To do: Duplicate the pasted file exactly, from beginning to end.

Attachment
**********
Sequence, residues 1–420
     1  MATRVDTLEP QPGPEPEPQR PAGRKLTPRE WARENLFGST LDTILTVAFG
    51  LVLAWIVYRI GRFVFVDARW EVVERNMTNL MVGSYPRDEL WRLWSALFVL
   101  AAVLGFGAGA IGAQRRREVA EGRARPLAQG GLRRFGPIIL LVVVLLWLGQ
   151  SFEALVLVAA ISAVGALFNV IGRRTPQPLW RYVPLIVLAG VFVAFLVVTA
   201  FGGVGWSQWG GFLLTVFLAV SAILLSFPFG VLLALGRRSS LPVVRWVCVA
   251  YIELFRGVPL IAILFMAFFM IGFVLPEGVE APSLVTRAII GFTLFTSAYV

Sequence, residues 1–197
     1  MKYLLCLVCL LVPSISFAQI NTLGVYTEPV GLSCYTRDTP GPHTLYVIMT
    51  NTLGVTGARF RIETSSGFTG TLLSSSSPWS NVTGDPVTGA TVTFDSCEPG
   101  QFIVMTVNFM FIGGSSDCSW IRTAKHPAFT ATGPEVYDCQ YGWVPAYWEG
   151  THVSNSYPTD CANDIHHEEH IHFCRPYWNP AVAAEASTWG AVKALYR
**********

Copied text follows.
Sequence, residues 1–420
     1  MATRVDTLEP QPGPEPEPQR PAGRKLTPRE WARENLFGST LDTILTVAFG
    51  LVLAWIVYRI GRFVFVDARW EVVERNMTNL MVGSYPRDEL WRLWSALFVL
   101  AAVLGFGAGA IGAQRRREVA EGRARPLAQG GLRRFGPIIL LVVVLLWLGQ
   151  SFEALVLVAA ISAVGALFNV IGRRTPQPLW RYVPLIVLAG VFVAFLVVTA
   201  FGGVGWSQWG GFLLTVFLAV SAILLSFPFG VLLALGRRSS LPVVRWVCVA
   251  YIELFRGVPL IAILFMAFFM IGFVLPEGVE APSLVTRAII GFTLFTSAYV

Sequence, residues 1–197
     1  MKYLLCLVCL LVPSISFAQI NTLGVYTEPV GLSCYTRDTP GPHTLYVIMT
    51  NTLGVTGARF RIETSSGFTG TLLSSSSPWS NVTGDPVTGA TVTFDSCEPG
   101  QFIVMTVNFM FIGGSSDCSW IRTAKHPAFT ATGPEVYDCQ YGWVPAYWEG
   151  THVSNSYPTD CANDIHHEEH IHFCRPYWNP AVAAEASTWG AVKALYR